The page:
Vacation Bible School: Faith and APA Stereotypes

I just finished a week of chaos and insanity, which happens every year during the summer. If you walk into pretty much any church, Asian and non-Asian, there will be signs up for the upcoming Vacation Bible School (VBS) with themes on everything from Egypt and heroes to ranches. A lot of Vacation Bible School is painfully cheesy, but the kids seriously love it all. Still, it makes me question what we use to teach kids about faith and spirituality, and of course, I was appalled by the video, Jesus Loves the Little Racist-Puppet Children. It reminds me of the nightmare that was Rickshaw Rally, a VBS program promoted as: “Far-out Far East Rickshaw Rally: Racing to the Son is a VBS race that will have kids dashing through the streets of Tokyo, climbing Mt. Fuji, and diving for pearls!” Oh dear God, that was painful, and sooo messed up. (I didn’t really know anyone that actually ended up using this curriculum.)

All these caricatures…for what? Does it really get the point across? A while back was the Skit Guys fiasco, an offshoot of an evangelical organization that attempts to minister to people and share Christianity through supposedly funny and accessible skits, where anyone can get the scripts and present them to their own communities. Alice Chen reported on the Skit Guys in an article called,  “Speaking Up for Asian Americans” about the response from the APA community. Though it took a while, the skit was eventually pulled from its curriculum. I haven’t seen much of these blatant Asian caricatures or non-white stereotypes lately in programs but now there’s an advertisement for a 2011 VBS program called Pandamonium that I thought could potentially be questionable. It looks harmless enough so far, but if anything, I feel bad for panda bears.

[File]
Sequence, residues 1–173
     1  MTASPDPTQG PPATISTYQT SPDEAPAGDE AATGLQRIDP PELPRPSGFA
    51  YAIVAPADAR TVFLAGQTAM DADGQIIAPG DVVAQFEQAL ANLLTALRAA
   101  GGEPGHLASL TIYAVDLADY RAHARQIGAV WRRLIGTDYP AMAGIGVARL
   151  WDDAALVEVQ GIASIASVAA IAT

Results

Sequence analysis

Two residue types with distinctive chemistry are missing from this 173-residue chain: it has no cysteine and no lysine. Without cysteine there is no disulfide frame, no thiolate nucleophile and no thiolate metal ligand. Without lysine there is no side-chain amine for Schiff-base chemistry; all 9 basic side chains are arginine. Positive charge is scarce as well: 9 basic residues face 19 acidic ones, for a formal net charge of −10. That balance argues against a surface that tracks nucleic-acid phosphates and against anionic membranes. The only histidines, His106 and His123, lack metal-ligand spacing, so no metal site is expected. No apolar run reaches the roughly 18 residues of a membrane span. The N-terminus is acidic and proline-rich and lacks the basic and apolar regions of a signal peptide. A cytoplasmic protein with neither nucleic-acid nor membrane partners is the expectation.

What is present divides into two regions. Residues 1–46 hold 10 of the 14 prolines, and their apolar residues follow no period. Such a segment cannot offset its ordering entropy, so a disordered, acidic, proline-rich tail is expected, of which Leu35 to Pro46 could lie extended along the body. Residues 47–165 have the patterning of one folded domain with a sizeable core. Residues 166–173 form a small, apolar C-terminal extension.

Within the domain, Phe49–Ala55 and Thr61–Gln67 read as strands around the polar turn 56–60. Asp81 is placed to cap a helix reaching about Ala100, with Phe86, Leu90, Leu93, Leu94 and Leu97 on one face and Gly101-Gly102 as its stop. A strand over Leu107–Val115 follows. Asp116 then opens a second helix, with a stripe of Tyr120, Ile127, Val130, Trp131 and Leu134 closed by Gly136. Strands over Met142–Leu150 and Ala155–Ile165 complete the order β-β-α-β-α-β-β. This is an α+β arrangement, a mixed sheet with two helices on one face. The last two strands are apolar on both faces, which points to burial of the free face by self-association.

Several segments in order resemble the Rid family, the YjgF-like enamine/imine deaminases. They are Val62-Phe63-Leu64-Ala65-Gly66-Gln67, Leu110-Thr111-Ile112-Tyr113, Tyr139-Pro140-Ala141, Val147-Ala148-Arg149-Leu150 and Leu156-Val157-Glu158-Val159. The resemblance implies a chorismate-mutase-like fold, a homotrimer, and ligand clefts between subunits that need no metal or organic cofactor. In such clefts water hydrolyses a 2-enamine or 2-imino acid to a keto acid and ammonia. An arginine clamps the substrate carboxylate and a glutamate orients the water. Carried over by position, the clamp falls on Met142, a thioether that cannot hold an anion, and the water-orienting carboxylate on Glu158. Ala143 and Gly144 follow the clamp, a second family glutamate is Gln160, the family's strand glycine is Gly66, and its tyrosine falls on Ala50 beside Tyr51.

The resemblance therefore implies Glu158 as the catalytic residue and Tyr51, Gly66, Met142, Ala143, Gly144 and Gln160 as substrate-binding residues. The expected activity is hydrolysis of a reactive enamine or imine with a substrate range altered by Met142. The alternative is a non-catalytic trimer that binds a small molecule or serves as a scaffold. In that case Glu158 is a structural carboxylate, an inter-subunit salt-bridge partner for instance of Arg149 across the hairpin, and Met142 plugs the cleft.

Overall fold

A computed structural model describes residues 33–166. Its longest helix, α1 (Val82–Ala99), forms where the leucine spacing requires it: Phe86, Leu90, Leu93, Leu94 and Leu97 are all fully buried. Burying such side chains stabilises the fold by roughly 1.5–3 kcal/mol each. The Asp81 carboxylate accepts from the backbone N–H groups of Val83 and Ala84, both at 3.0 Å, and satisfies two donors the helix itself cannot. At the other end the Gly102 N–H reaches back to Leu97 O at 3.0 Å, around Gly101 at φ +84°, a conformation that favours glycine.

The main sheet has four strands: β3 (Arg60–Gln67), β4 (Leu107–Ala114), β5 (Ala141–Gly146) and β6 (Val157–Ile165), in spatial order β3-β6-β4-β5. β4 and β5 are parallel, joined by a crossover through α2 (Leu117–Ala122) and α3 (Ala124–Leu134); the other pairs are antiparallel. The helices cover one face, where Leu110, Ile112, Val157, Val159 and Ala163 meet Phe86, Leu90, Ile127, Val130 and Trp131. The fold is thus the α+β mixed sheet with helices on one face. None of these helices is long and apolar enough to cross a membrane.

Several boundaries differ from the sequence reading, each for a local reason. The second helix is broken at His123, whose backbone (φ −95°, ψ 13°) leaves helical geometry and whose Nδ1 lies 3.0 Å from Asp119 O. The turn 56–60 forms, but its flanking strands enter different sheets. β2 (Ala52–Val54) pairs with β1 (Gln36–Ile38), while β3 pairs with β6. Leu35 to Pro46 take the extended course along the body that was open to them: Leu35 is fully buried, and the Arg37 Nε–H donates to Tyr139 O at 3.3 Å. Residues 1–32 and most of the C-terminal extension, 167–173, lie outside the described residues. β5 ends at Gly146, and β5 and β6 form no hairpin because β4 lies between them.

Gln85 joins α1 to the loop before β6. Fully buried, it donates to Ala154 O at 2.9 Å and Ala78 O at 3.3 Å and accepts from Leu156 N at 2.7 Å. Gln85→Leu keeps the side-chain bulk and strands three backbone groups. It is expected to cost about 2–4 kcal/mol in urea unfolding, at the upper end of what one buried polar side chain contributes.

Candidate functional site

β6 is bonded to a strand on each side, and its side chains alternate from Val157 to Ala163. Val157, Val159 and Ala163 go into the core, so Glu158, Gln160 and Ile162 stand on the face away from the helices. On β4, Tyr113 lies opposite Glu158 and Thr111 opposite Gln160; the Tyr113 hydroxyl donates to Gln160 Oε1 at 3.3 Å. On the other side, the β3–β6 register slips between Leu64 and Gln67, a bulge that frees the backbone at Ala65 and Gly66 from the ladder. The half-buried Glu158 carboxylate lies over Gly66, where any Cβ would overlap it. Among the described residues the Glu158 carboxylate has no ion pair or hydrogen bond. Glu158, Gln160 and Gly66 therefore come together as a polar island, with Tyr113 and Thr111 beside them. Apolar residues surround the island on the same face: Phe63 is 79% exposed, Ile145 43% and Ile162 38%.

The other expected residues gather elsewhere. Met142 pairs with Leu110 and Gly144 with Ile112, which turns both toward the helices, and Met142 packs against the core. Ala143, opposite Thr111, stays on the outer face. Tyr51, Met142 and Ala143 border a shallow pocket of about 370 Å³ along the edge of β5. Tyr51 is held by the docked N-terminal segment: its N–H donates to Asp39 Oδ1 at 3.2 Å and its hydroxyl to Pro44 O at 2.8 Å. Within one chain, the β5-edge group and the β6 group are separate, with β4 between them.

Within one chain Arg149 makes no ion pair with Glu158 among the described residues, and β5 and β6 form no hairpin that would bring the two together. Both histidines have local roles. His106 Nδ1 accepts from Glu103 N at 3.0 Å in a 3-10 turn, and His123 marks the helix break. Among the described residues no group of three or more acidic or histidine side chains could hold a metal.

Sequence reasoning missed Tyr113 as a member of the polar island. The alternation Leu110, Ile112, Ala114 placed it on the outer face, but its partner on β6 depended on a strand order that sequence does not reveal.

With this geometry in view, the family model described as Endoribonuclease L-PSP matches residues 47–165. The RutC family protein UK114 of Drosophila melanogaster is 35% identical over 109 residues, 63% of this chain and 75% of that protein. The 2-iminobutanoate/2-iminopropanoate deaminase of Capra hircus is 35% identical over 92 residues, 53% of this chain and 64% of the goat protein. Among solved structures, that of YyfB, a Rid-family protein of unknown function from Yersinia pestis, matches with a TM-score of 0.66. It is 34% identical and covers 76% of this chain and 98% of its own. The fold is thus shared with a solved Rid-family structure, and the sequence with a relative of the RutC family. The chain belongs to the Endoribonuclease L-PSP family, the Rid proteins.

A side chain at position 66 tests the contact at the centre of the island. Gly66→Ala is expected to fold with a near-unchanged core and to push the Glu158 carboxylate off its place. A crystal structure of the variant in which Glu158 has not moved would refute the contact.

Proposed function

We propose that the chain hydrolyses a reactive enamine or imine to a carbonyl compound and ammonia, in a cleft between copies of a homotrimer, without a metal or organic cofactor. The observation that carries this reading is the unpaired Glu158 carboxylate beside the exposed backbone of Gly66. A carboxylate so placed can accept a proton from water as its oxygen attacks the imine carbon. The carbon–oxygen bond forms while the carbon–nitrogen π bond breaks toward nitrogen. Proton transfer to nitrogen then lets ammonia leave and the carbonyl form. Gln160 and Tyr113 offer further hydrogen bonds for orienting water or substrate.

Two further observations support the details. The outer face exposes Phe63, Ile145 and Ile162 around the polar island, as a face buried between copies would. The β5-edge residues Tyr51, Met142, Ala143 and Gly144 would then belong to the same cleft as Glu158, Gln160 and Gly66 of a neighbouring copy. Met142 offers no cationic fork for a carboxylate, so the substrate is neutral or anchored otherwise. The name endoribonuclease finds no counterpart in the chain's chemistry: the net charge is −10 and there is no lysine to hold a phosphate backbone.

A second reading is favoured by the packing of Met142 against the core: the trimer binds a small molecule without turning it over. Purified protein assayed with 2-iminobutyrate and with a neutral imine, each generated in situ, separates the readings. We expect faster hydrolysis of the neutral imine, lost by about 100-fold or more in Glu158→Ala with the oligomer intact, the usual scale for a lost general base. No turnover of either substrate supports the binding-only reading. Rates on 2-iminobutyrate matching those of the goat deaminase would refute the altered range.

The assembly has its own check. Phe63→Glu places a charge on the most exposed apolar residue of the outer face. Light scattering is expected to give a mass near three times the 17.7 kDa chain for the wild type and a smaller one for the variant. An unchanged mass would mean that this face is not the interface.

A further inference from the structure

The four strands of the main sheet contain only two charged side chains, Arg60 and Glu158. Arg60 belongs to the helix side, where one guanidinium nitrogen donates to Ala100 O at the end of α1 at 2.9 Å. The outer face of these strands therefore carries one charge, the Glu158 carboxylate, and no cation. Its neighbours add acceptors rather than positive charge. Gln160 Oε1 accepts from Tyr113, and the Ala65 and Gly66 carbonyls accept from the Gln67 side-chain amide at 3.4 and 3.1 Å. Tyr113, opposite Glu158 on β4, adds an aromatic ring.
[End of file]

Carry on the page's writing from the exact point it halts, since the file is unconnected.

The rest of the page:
It still begs the question for me: when educating children crosses over into entertaining, is this necessarily a good thing, even if it’s more attractive to our ADD-sound-bite-needy younger generations?

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About Mihee

Mihee lives in the Mid-West with her husband, toddler-aged twins (yes, terrible twos is actually a thing), and baby #3. Though her reserve of brain cells is seriously depleted she is still passionate about Asian American culture, religion and social justice for marginalized people, stories about Korea, sports, and power naps. During the day, she spends a lot of time trying to remember which baby needs to eat or get a diaper change, mentoring and ministering to college students, occasionally taking a walk, writing, watching Sportscenter, or grabbing coffee. You can read her blog here.
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